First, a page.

(Sermon by Lori Erickson at New Song Episcopal Church in Coralville, Iowa, on January 13, 2019)
A number of years ago, I had an experience on a Sunday afternoon at Mercer Pool in east Iowa City that I’ve never forgotten. When I entered the pool area, I was surprised to see about a dozen people dressed in coats and ties and dresses standing on the side of the water. In the pool before them were two people in white robes, a pastor and a young man of about 15. As I watched, the pastor placed his hand on the young man’s head and plunged him into the water, a complete dunking, so that when he came up again he sputtered as the water poured off of his head.
There we were in a swimming pool, with the smell of chlorine in the air and adults doing laps and kids splashing around and playing, and in the middle of it all was a baptism.
As the young man shook off the water like a dog shaking itself after a bath, the people gathered around him started to sing a hymn. I think it was “How Great Thou Art,” though I might be mistaken. Their voices were a little weak and tentative at first, but soon their song filled that big, cavernous space in a way that brought goose-bumps to my skin.
A minute later, the pastor and young man got out of the pool, their white robes dripping water the entire way to the locker room. The other people in their group filed out of a side door. And then, the pool returned to its normal routine, and it was as if they’d never been there. I looked around. Nobody said anything, just kept on with their laps and their playing and splashing.
I thought of this story when I read the Gospel reading for this morning, that account of another baptism in a distant land many years ago:
Now when all the people were baptized, and when Jesus also had been baptized and was praying, the heaven was opened, and the Holy Spirit descended upon him in bodily form like a dove. And a voice came from heaven, “You are my Son, the Beloved; with you I am well pleased.”
I’ve actually been to the place in the Jordan River where Jesus is said to have been baptized. No doubt there are a number of places that make that claim, of course, and no one really knows for sure. But it probably was a spot similar to what I saw, which was a non-descript stretch of river just a few feet deep running through a dry and desolate valley in the Judean desert. Frankly, it didn’t look very impressive.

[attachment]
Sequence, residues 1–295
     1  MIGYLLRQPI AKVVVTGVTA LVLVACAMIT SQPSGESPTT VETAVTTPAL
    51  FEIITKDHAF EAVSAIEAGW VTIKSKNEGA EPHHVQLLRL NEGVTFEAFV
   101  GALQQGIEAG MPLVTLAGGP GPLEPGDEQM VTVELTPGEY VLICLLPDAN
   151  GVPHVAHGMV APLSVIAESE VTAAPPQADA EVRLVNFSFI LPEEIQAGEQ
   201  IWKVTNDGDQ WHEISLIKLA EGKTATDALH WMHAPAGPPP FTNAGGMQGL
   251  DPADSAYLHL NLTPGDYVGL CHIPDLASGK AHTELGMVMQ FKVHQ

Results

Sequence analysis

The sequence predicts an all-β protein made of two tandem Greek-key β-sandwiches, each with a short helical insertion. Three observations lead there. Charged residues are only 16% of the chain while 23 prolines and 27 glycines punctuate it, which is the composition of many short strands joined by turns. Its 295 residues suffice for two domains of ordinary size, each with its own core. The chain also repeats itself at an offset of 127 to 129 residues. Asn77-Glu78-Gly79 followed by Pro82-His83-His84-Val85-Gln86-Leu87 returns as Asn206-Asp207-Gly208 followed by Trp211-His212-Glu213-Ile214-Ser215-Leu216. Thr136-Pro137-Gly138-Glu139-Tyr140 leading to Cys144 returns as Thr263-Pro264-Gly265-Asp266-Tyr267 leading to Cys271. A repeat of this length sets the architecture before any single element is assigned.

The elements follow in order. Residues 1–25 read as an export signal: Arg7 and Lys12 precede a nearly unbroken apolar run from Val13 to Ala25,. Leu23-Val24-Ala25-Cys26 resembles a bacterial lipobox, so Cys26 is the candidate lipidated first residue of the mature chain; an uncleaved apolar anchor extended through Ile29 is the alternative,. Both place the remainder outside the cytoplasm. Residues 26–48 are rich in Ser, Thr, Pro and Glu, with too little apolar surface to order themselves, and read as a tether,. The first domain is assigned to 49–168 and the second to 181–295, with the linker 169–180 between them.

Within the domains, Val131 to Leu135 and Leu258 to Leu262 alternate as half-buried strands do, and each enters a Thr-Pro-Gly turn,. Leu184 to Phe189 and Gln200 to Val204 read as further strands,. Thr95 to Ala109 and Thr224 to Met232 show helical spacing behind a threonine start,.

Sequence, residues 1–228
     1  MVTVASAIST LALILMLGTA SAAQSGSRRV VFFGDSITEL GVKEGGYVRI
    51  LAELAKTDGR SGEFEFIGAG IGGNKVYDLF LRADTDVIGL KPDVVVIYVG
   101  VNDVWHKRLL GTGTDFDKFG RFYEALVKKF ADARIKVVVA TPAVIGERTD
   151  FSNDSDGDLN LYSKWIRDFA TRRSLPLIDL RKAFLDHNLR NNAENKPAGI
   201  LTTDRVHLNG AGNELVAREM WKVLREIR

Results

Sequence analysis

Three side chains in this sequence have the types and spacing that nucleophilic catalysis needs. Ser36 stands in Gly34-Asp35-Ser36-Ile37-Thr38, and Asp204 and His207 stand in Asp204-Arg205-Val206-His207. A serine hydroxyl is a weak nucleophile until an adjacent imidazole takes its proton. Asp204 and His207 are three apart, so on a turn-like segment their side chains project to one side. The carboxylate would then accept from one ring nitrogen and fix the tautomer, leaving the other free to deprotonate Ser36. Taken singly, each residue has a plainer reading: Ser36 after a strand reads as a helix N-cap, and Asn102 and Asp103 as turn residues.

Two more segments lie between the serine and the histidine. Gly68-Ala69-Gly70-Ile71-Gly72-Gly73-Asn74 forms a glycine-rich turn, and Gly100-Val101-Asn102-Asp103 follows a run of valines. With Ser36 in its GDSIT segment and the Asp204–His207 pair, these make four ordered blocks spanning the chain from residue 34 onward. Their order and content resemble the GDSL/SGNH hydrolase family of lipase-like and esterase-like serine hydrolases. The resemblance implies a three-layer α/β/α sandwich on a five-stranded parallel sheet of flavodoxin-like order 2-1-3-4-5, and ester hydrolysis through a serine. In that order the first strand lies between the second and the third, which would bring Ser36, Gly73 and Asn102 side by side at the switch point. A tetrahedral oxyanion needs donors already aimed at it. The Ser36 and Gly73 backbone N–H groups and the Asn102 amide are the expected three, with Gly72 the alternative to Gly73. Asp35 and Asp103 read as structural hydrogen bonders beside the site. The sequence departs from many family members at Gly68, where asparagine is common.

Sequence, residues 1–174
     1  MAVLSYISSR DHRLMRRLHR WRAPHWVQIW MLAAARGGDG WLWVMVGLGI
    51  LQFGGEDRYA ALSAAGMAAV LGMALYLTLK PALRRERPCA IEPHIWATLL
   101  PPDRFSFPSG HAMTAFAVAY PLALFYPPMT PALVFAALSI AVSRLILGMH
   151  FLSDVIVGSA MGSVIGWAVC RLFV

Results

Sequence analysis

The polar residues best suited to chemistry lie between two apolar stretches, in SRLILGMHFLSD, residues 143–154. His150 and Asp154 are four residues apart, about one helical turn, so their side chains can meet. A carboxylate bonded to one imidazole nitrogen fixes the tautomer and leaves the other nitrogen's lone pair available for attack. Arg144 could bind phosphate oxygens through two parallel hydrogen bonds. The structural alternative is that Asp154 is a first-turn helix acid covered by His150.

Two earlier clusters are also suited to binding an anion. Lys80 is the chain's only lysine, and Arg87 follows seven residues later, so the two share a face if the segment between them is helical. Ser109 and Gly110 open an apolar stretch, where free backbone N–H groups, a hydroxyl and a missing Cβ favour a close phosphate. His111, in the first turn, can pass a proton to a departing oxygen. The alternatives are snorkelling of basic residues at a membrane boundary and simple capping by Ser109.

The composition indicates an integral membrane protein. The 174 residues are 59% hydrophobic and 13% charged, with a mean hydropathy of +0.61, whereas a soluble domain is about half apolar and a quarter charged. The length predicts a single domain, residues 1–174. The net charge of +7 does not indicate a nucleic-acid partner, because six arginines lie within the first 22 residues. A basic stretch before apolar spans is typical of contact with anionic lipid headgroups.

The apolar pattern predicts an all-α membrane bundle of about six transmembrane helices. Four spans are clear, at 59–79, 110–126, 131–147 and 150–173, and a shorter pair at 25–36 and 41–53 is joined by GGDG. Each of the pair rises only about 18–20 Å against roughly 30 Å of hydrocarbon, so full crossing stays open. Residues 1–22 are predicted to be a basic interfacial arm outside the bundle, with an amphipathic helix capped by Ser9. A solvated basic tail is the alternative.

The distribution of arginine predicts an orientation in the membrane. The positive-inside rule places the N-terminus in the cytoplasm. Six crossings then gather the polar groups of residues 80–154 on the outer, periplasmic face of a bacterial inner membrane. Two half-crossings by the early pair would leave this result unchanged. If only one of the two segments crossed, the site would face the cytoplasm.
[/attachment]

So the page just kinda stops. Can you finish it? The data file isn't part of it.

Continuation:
We read the story in the Bible today and think how wondrous it must have been that day, but if there were people passing by on the road near the river that day, watching from a distance, it probably didn’t register much at all. There’s that crazy John the Baptist with his crazy followers, they likely thought, and then went on their way.
Because whether you’re in ancient Palestine, or in Iowa City, you can only see what you’re open to seeing.
To me that’s one of the central messages of the Epiphany season that began last Sunday. This is the season when the light shines in the darkness, when the divine breaks through into ordinary reality. The season of Epiphany is full of references to light. It begins with the Wise Men following the star to Bethlehem and ends with the story of the Transfiguration, when the disciples see Jesus, Moses and Elijah bathed in light on a mountain.
The name of this liturgical season has passed into the English language as epiphany with a small “e.” The word means a sudden, unexpected flash of insight. But the religious roots of the word are still there, visible if you look just a little harder at it.
But you can’t see the light of an epiphany unless you’re open to it—and to me that’s one of the major lessons of this season. I know that the people at Mercer Pool that afternoon didn’t pay much attention to what was happening in their midst, and there were people passing by the Jordan River who didn’t pay much attention at Jesus’ baptism. That’s the way the world is, after all. Most of us are too busy, too wrapped up in our own concerns, to actually see the miracles going on around us.